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1059171 Posts in 43054 Topics- by 34997 Members - Latest Member: macepoodle

October 30, 2014, 08:52:10 PM
TIGSource ForumsCommunityCompetitionsVersus (Moderator: Melly)Port forwarding: Discussion about port use
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Author Topic: Port forwarding: Discussion about port use  (Read 12161 times)
Melly
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« on: January 17, 2011, 02:11:49 PM »

This is a thread for those that will get in the nitty gritty of online connections and will require/work with port forwarding for their games. In here you can discuss which ports you think should be used and such.
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Riley Adams
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« Reply #1 on: January 17, 2011, 02:19:43 PM »

Well, I don't have a preference as to what actual numbers, but maybe just pick a range of like 5-10 (+/-?) ports for people to forward and call it good?

Also, maybe sticky a tutorial on how to do port forwarding on a few common routers?
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Nugsy
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« Reply #2 on: January 17, 2011, 02:47:09 PM »

Information about port forwarding on almost every router can be found here.
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J. Kyle Pittman
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« Reply #3 on: January 17, 2011, 02:59:07 PM »

How about Port 12222? It's easy to remember and it's unassigned by the IANA.
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mcc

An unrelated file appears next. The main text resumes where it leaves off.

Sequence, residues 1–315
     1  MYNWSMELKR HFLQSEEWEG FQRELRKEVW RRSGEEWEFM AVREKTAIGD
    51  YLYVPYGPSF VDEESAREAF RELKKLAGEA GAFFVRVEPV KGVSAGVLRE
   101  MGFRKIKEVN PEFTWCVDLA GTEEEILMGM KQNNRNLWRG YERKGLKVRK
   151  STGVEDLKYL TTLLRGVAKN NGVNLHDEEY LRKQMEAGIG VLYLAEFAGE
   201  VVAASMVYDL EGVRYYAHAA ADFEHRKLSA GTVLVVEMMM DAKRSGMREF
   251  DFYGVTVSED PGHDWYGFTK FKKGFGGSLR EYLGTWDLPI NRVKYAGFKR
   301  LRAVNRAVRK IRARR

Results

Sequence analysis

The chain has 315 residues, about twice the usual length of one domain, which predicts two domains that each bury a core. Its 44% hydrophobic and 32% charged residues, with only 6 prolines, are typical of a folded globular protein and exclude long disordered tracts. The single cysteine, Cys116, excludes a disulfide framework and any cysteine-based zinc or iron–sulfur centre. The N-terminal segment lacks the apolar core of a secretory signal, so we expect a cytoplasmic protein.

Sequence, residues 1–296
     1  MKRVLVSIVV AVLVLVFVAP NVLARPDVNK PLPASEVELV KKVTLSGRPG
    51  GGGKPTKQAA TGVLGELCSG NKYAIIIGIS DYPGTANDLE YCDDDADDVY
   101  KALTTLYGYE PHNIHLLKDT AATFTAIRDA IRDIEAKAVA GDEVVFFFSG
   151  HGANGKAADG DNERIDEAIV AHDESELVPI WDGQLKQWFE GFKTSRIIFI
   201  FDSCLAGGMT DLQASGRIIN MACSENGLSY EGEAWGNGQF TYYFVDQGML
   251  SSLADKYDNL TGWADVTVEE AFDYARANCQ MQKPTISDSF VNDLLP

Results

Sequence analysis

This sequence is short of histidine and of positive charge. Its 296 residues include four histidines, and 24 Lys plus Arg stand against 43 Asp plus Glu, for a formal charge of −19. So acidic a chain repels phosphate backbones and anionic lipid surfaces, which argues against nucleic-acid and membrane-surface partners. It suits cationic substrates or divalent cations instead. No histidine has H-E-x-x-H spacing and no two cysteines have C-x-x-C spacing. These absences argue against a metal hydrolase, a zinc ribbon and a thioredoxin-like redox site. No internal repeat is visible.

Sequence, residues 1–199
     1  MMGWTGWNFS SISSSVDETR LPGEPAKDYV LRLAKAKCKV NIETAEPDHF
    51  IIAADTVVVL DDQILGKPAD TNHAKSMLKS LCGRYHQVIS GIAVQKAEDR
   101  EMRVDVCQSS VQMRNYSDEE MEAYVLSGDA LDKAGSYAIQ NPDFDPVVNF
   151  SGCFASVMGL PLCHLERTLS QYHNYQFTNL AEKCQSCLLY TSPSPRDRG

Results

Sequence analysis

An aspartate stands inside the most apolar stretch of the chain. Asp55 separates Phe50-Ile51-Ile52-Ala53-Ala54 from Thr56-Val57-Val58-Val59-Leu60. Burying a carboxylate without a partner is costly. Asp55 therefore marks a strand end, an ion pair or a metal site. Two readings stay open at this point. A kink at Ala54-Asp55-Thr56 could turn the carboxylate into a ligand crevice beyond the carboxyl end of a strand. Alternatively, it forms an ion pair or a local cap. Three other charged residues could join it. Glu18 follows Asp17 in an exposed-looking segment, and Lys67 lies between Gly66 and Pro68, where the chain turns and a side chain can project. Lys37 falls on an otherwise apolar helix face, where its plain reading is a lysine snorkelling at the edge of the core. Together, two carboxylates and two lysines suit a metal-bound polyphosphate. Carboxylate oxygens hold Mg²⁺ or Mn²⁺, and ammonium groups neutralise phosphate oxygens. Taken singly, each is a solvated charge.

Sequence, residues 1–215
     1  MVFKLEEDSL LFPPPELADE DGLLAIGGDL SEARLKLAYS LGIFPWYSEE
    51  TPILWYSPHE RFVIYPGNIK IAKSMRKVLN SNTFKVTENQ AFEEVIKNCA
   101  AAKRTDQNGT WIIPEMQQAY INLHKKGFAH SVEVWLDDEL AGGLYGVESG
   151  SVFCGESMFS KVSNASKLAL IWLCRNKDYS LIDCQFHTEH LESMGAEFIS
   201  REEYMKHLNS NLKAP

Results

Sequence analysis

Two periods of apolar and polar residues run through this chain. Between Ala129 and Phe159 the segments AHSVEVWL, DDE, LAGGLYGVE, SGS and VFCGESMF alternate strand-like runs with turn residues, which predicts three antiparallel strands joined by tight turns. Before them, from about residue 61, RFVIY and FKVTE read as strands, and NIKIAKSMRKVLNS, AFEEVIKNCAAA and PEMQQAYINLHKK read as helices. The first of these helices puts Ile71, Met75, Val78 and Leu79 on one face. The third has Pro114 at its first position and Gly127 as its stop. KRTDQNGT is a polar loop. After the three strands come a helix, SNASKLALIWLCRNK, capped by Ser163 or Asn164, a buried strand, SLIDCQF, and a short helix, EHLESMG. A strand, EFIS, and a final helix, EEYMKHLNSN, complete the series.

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« Reply #4 on: January 17, 2011, 03:03:44 PM »

Wouldn't every game in the competition using the same port create problems if some kind soul winds up hosting servers for 3 games at once?
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« Reply #5 on: January 17, 2011, 03:45:47 PM »

I'm thinking the ports should be configurable and default to some standard Versus Compo port.
I'm cool with Kyle's recommendation of port 12222.  Though it may be difficult to tell how many twos are there.
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Ivan
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alright, let's see what we can see

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« Reply #6 on: January 17, 2011, 03:52:42 PM »

There is a way to host a server without port forwarding that uses a mediator master server. I'm a little bit hazy on how this works, but a lot of commercial games do that (e.g. you never have to open up ports for Source games or console games for that matter)
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« Reply #7 on: January 17, 2011, 04:02:01 PM »

Yeah, NAT Punchthough or something like that I think...

here's raknet's explanation:
http://www.jenkinssoftware.com/raknet/manual/natpunchthrough.html
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Ivan
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« Reply #8 on: January 17, 2011, 04:04:27 PM »

Yep! That's what it was. I remember looking into it when I was building a network game awhile ago, but could find almost no information at all. I think that RakNet page is actually what i read at the time.
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« Reply #9 on: January 17, 2011, 04:20:11 PM »

Yeah, the only problem with NAT hole-punching is that you need a server with a publicly accessible IP that both clients can connect to which will manage the connection between the two clients. And that makes homebrew solutions difficult.
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mcc
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« Reply #10 on: January 17, 2011, 04:21:33 PM »